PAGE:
Go read David Leonhardt’s economic column in the Times. Basically, the people who still have jobs are getting bigger raises because their companies are making so much money.
One of the distinctive features of the Great Recession has been the enormous number of people who have been out of work for months on end. Almost 45 percent of today’s unemployed workers have been without a job for at least 27 weeks. In no other downturn since World War II did the share exceed 26 percent.
For many of these long-term unemployed, the financial and psychological damage will last for years. For most other workers, however, the situation has had a perverse, and mostly overlooked, silver lining.
Unemployment has been concentrated among a surprisingly small number of people, given how deep the recession has been. The nation’s pool of jobless workers has not been constantly changing. Instead, it’s been relatively stable — mostly because the hiring rate of new workers plunged in 2008 and still has not recovered. The drop in hiring has actually been steeper than the rise in layoffs.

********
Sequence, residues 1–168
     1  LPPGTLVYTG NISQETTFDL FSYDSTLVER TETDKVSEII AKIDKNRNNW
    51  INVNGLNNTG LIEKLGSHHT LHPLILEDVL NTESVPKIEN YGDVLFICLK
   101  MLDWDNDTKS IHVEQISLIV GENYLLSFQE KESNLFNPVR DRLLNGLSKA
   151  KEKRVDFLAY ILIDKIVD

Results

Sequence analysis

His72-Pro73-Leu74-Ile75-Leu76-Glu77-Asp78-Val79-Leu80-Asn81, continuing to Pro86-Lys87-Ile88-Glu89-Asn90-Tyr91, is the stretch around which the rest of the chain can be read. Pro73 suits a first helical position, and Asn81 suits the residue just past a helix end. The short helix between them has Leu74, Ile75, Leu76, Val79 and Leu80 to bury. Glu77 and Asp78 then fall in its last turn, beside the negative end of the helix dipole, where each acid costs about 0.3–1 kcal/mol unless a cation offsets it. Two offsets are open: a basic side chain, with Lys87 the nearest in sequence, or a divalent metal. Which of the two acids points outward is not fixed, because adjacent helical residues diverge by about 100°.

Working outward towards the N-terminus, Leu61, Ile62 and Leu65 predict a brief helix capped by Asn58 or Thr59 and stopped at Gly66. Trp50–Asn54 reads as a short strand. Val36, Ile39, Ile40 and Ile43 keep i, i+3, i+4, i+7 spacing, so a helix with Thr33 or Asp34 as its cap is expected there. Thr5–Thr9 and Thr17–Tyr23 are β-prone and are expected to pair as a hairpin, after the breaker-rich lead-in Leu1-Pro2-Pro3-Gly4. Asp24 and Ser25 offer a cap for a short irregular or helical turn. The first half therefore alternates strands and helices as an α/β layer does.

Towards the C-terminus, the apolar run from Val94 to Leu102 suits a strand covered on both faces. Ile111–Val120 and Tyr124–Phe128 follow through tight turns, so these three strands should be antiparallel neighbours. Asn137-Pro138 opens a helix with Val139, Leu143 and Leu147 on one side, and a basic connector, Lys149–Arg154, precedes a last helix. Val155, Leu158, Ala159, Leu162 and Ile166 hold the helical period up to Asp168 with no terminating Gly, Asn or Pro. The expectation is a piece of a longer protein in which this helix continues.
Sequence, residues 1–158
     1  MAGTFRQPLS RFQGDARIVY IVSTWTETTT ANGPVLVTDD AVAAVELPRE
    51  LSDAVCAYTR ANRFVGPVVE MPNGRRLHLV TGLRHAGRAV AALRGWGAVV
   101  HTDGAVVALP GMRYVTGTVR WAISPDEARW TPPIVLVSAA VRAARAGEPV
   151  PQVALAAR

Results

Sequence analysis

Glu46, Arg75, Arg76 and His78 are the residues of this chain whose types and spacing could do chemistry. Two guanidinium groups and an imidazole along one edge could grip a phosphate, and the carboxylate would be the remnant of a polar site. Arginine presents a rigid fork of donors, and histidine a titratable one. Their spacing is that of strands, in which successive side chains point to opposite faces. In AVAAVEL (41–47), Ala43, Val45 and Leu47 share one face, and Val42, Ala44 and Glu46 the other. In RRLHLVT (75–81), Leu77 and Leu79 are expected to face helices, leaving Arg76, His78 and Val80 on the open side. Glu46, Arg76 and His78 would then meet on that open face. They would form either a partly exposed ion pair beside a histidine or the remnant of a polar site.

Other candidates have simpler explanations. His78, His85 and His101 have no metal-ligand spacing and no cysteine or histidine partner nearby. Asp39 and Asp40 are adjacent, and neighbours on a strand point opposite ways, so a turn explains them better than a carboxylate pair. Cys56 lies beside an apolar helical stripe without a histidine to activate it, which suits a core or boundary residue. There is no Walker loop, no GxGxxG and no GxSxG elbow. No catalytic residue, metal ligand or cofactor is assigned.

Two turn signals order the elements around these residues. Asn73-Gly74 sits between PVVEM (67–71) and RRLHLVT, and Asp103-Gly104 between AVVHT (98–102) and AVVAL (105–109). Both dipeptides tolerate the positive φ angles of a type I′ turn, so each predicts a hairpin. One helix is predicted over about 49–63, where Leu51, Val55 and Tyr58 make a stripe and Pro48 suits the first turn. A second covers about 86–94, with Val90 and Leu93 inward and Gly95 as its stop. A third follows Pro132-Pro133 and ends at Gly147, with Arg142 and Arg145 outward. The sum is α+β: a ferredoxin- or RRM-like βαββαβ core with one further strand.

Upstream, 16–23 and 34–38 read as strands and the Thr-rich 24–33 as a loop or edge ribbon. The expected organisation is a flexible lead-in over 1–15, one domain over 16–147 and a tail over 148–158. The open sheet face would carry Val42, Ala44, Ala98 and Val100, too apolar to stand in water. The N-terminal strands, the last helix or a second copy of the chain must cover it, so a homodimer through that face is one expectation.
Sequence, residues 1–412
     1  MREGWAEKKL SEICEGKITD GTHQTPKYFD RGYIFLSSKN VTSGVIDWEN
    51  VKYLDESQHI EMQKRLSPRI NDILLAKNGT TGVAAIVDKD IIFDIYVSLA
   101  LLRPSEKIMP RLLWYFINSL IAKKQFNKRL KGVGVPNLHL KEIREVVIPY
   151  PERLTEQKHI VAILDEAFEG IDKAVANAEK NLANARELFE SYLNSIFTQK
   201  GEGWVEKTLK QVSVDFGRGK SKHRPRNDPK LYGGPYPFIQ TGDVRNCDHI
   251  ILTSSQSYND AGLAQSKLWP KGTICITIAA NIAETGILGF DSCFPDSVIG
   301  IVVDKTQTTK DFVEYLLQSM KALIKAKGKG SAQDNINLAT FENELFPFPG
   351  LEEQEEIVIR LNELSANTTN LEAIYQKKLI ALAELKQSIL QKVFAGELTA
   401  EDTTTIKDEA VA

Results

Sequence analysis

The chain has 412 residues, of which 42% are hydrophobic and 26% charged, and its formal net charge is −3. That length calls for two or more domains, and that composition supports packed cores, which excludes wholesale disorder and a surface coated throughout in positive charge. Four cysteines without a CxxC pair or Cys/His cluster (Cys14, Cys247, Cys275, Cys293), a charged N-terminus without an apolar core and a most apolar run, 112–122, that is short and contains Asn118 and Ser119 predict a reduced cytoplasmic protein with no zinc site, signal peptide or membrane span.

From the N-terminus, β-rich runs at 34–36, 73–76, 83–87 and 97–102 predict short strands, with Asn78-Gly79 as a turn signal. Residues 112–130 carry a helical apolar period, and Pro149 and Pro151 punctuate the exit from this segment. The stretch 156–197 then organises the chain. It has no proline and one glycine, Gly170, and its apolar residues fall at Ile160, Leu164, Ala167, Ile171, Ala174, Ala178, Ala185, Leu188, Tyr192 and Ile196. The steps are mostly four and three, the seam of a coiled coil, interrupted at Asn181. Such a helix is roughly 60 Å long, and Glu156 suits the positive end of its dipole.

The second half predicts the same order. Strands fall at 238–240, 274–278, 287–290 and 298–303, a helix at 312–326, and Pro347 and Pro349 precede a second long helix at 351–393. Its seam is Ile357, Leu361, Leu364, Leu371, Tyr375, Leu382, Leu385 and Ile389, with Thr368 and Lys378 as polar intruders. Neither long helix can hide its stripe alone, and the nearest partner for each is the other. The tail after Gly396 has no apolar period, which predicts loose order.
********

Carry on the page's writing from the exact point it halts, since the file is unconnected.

Compare the current slump with that of the early 1980s, which was similar in severity. Over the course of 1980, 18.1 percent of the labor force was unemployed at some point. In 2008, the first year of this slump, only 13.2 percent was, according to the Labor Department’s most up-to-date data. That number surely rose in 2009, but it is unlikely to have come close to the 1982 peak of 22 percent.
If anything, the slowdown of the recovery in the last few months has made the recession even more concentrated. It has put off the day when the job market will be strong enough to re-employ many of the long-term jobless. But inflation has fallen to zero, which helps the purchasing power of everyone fortunate enough to have a job.
Here’s the really interesting part:
The least affected area is a band running from the Dakotas and Minnesota down to Texas and Louisiana. Continuing the concentration theme, this band includes some of the manufacturers and other businesses that have emerged from the recession the quickest.
This pattern probably helps explain why the Senate has taken such a leisurely approach to helping the economy in recent months. Many of the states in the best shape also have small populations and, as a result, outsize political power. In Nebraska, where the unemployment rate is 4.8 percent, there is one United States senator for every 900,000 people. In Florida, where the unemployment rate is 11.4 percent, there is one senator for every nine million people.
Maybe if we lived in those states that keep getting flooded, we’d get more sympathy. Economic tsunami? Ho hum.